President Carter's trade representative, Robert S. Strauss, said yesterday in Peking that he had so far failed to reach agreement with the Peoples Republic of China to limit its textile exports to the United States.

But officials here reported that negotiations were still in process late last night - early Thursday Peking time - and that a deal still might be reached before Strauss files to Tokyo on Friday.

Meanwhile, there were these related events:

China cancelled a "protocol agreement" under which it was to borrow $30 million from the Chase Manhattan Bank for the design phases of a $200 million to $300 million U.S. trade center in Peking. But the PRC reaffirmed its intention to go along with the project, bank officials in New York said. The PRC decided to finance the design phase out of its own cash.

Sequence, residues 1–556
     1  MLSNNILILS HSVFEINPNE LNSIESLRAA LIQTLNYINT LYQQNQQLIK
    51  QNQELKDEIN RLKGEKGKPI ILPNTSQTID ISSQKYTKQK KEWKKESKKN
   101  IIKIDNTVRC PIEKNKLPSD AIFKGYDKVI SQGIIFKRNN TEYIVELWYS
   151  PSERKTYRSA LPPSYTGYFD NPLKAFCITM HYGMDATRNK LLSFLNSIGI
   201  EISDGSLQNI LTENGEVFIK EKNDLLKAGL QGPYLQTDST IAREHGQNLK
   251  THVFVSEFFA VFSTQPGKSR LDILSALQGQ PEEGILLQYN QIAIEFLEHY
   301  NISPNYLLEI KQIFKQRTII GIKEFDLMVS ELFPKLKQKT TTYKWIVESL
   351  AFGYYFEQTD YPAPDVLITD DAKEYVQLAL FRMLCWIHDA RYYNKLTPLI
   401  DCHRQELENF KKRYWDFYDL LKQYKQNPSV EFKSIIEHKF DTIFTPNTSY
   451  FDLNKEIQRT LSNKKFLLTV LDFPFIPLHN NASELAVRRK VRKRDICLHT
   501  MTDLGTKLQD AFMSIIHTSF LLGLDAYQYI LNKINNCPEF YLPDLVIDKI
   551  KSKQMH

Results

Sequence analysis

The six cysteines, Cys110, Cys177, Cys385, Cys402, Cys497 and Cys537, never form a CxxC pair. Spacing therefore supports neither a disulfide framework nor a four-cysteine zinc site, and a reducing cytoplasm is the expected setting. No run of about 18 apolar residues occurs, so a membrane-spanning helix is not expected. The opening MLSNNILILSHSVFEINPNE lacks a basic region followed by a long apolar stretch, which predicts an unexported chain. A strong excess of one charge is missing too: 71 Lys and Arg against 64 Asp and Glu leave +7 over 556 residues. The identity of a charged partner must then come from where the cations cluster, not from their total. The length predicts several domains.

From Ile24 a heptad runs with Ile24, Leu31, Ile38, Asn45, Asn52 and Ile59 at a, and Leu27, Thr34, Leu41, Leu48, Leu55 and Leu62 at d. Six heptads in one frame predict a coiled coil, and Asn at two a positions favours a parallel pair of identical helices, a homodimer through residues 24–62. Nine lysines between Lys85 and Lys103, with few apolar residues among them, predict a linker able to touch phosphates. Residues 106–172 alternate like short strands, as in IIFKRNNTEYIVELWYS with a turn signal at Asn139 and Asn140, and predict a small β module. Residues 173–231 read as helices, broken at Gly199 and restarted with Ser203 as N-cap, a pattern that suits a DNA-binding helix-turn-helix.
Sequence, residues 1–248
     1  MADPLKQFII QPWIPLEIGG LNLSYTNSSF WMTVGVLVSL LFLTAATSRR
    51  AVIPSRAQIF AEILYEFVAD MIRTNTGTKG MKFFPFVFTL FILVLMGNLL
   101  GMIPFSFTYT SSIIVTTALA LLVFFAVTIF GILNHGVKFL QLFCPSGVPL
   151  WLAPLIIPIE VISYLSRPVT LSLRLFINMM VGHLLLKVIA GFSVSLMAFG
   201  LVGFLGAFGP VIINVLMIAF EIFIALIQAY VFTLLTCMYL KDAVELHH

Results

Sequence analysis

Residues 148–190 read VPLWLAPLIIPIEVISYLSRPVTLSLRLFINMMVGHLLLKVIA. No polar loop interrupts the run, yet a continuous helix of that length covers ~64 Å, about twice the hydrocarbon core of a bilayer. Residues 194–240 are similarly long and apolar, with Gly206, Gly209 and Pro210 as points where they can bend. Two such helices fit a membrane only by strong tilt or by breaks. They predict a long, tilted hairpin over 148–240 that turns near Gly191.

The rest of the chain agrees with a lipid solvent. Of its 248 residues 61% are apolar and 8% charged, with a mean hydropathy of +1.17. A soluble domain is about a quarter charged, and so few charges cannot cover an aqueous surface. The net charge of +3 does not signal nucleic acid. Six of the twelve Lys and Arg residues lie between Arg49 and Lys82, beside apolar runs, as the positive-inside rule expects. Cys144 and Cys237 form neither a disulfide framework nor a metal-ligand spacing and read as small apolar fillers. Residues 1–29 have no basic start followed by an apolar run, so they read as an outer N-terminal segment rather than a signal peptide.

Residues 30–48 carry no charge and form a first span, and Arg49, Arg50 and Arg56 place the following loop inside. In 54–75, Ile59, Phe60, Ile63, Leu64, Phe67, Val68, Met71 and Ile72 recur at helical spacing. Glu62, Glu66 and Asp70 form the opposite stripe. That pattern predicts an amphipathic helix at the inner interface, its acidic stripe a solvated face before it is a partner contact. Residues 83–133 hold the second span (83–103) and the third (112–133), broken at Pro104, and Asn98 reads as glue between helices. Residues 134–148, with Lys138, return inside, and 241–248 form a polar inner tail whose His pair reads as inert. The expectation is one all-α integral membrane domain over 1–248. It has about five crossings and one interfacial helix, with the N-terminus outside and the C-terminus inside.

The Foreign Claims Settlement Commission announced it would receive claims against the PRC by U.S. nationals that may have arisen between Nov. 6, 1966, and May 11, 1979. Any such claims that are validated would be paid out of the $80.5 million lump sum that China agreed to pay to settle all claims arising between Oct. 1, 1949, and May 11 - the date the settlement was nnounced. Until now, the FCSC had validated claims running only to Nov. 6, 1966.

The importance of reaching a textile agreement is this: the United States has assured Congress - which is pressured by the U.S. textile lobby - that it will not forward the recently initialed U.S. China trade agreement until China agrees to limit textile exports by a quota system.

China, on the other hand, has strenuously objected to quotas suggested by the United States.